Have you thought about creating a disaster kit?
The DAFN (Disability, Accessibility, and Functional Needs) Team at Humanity Road would like to invite you to join us in making a Disaster Kit to fit your needs. During a disaster, people who identify as having disabilities and/or functional needs, along with the very young and the elderly, are especially vulnerable. Our goal is that “No One Is Left Behind” in being prepared for both Natural or Man-made Disasters, and the first step in doing this is to build your own personalized disaster kit.
Items will be for specific health groups such as the visually impaired, seniors, diabetics and others. We hope that by separating the items by post you will be encouraged to build your kit until it is specific to your needs and your resolution is complete. Please remember these will just be suggestions as to what you may need either when you shelter at home or to fill an emergency bag, which is compact enough to be carried to an evacuation center. Your emergency supplies should last up to 14 days.
Below are listed some item suggestions for different Health needs.
We begin with these items which are essential in making any disaster kit:
___ Backpack (depending on needs you may need more than one)
___ Container (tote with a locking lid)
___ Post-A-Note pads
___ Indelible Ink Pen
___ Index Cards
___ Roll of Clear Packing Tape
Containers on wheels are helpful for moving; a suitcase on wheels is an option or your disaster kit could be put in a little wagon. Creating a disaster kit does not have to be expensive. Remember to check in your pantries, closets, or garage at home, you may find that you have some of the items already on hand.
Also family and friends may have items they can donate. You may even like to invite a friend to build their kit along with you, when working with someone else it can be fun but also you may learn of things you both hadn’t considered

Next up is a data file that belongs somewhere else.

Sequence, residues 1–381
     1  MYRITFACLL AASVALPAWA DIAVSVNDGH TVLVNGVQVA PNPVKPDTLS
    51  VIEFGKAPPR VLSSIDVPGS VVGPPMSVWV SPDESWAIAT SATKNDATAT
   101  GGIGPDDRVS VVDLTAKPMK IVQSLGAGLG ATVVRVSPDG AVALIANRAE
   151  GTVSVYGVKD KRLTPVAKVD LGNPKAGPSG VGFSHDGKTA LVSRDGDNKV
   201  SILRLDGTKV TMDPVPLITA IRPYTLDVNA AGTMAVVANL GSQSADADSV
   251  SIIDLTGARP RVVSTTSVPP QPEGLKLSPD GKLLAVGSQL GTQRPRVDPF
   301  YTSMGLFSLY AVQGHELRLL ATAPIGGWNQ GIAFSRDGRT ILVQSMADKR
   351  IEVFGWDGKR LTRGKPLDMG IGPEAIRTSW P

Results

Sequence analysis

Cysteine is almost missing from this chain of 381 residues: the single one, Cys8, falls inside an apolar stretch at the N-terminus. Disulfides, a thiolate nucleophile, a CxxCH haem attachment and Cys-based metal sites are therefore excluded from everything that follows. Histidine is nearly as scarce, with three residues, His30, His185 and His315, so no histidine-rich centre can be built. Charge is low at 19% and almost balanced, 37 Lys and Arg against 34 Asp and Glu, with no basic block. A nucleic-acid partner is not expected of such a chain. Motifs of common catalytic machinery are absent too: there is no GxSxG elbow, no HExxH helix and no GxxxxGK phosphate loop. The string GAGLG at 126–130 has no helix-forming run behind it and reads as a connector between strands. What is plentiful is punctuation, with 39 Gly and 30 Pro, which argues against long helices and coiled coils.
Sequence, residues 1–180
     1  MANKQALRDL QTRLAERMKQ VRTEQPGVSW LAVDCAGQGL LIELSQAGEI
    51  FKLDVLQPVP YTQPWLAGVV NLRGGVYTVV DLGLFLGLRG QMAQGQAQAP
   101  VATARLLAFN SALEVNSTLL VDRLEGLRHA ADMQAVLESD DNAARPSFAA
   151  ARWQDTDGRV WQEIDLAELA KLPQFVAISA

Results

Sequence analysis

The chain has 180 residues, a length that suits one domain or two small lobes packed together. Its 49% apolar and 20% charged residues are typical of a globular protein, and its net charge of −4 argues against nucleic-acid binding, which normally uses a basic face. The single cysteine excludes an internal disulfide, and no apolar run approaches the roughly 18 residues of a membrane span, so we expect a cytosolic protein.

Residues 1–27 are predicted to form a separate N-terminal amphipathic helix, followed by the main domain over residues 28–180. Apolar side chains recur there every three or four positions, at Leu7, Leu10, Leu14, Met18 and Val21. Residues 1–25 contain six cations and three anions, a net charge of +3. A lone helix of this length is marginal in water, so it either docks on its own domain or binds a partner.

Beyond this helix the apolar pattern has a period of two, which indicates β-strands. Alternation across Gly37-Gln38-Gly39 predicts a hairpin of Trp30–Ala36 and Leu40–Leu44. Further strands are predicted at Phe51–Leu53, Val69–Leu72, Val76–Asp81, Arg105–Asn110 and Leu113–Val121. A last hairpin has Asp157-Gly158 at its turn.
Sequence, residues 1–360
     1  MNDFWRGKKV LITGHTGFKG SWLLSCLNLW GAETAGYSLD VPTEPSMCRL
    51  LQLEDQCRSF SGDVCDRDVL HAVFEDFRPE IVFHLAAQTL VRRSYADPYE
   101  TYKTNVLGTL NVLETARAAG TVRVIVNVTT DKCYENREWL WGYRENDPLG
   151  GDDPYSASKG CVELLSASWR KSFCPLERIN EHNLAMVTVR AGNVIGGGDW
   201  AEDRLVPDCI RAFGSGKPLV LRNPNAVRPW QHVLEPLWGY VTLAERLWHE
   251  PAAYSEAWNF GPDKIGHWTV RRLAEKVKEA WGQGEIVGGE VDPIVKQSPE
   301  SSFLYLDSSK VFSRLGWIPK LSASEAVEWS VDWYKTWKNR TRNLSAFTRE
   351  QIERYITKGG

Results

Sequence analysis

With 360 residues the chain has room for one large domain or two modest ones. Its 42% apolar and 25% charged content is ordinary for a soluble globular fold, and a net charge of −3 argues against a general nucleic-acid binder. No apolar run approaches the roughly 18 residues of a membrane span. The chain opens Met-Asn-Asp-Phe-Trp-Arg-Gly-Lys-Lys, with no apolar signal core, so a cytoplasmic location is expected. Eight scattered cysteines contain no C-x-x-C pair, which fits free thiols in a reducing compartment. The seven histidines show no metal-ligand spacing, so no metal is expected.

Hearing Special Need items
___ On Index Cards make list of key phrases for emergency personnel (e.g. “I need an interpreter,” or “I need announcements written or “I speak American Sign Language (ASL)”. Be sure and put these cards in a waterproof zip-lock bag. To protect from moisture.
___ Extra hearing aids, implants and batteries.
___ Extra batteries for visual or sensory alarms, pagers and TTY.
___ Car charger for cell phone and other communication devices.
___ Note pads and pens
___ Alarm clock
___ Hearing aid cleaner
___ Hearing aid drying system
___ Acoustic seal cream
___ Weather Alert Transmitter/Radio, PC Alert device
Mobility Special Need items
___ A pair of heavy gloves to use while wheeling or navigating over glass or other debris.
___ Extra battery for motorized wheelchair/scooter, Lightweight manual wheelchair, if possible.
___ Spare cane, crutches, walker, braces
___ Patch kit or can of “seal-in-air product” to repair flat tires and/or extra supply of inner tubes.
___ Catheters and Incontinence Supplies, and other personal items.
Seniors Special Needs items
___ Three-day supply of prescription medication and/or a copy of your prescriptions and dosages, including any allergies, Extra eyeglasses and/or contact lenses.
___ List of the style and serial number of medical devices, such as Pacemakers and or Stents, Walker, Wheelchair, Canes, Hearing Aids.
___ Extra Wheelchair battery, Oxygen, Hearing Aids and Batteries, Denture Cup and Denture Cleaner.
___ Incontinence supplies and other personal items, Deck of cards, Pad of Paper and Pencil, Snacks, Drinks like Ensure.
Visually Impaired Special Needs Items
___ List of medications if needed. If helpful, mark emergency supplies with large print, fluorescent tape or Braille.
___ Extra folding white cane, in case your dog is injured and can’t work.Tape Recorder and extra batteries.
___ An extra pair of dark glasses (if medically required) or you use them normally. Extra contacts, contact lens solution, spare eye glasses in case you can’t wear your contacts. If you wear Soft Contact Lenses, plan to have an alternative available because you will not be able to operate the cleaning unit without power.
The following resources cover a wide range of national, state, regional, and local human and social service organizations, governmental organizations and other associations that may be able to help people recover from the recent South Carolina floods.
The document below will automatically update, if further information becomes available.